The book is not only a treasure for their descendents, but a culinary and regional history delight.
The Atlanta Exposition Cookbookby University of Georgia Press
Published in 1895 as a souvenir of the Woman’s Building at the Cotton States and International Exposition held in Atlanta, this charming cookbook offers readers an opportunity to try recipes that were favorites of their grandmothers and great-grandmothers. In gathering the recipes, Mrs. Wilson sought to preserve “valuable old Southern receipts from antebellum days that have been almost lost in the ignorance of the up-to-date cook.” Here is a delightful array of soups, breads, desserts, and main dishes: Roast Pigeon, Terrapin Stew, Temperance Mince Meat, Gumbo for 3 O’clock Dinner, many versions of Sally Lund, and of course Jeff Davis Pudding. In each case Wilson has identified the woman who gave her the recipe. In her introduction, historian Darlene R. Roth looks at the book as social history and tells us something about turn-of-the-twentieth-century cookery and the women who were involved in the great Atlanta exposition.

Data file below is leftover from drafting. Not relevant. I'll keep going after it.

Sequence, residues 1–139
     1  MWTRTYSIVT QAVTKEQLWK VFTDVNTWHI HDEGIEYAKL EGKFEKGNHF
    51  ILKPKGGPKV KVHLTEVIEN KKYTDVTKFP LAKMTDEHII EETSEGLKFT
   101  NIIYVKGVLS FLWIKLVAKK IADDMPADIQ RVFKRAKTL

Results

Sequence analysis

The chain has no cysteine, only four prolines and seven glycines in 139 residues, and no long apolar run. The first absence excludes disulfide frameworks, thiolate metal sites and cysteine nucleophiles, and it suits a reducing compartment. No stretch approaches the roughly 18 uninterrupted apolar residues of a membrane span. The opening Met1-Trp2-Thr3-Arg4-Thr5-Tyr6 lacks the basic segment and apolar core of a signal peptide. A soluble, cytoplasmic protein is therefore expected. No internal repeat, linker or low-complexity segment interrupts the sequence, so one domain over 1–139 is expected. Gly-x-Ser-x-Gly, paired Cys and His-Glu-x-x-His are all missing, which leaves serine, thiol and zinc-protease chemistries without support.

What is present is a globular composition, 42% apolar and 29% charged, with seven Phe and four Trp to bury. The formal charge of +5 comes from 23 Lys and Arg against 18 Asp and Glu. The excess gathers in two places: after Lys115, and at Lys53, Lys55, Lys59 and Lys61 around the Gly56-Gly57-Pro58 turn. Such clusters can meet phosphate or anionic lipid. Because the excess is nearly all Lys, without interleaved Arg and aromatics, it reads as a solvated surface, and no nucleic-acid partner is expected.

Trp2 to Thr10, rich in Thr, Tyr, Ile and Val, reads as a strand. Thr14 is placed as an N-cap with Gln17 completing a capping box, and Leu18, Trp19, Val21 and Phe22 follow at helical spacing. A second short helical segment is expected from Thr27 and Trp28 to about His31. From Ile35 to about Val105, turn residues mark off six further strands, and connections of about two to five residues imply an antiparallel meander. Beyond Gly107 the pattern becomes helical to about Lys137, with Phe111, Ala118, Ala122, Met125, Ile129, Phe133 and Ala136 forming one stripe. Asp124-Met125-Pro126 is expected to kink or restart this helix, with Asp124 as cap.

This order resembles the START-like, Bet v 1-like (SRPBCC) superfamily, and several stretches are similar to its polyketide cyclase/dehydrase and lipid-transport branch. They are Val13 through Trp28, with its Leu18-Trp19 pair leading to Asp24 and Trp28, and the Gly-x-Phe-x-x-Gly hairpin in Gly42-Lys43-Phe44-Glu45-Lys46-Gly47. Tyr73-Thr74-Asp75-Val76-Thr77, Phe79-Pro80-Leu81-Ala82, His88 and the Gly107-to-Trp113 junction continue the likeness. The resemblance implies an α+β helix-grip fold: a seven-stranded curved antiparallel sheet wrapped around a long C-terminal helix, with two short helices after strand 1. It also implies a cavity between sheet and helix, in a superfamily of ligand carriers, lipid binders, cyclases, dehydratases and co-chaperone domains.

The cookbook offers modern readers a taste from their grandmothers’ and great-grandmothers’ kitchens as well as a dose of social history.
Meet the Author
Mrs. Henry Lumpkin Wilson was a member of the Board of Women Managers for the Cotton States and International Exposition of 1895 and chairman of the Committee on Agriculture and Horticulture. Darlene R. Roth taught at Georgia State and Emory universities. She is the coauthor of Atlanta Women from Myth to Modern Times and Metropolitan Frontiers: A Short History of Atlanta.
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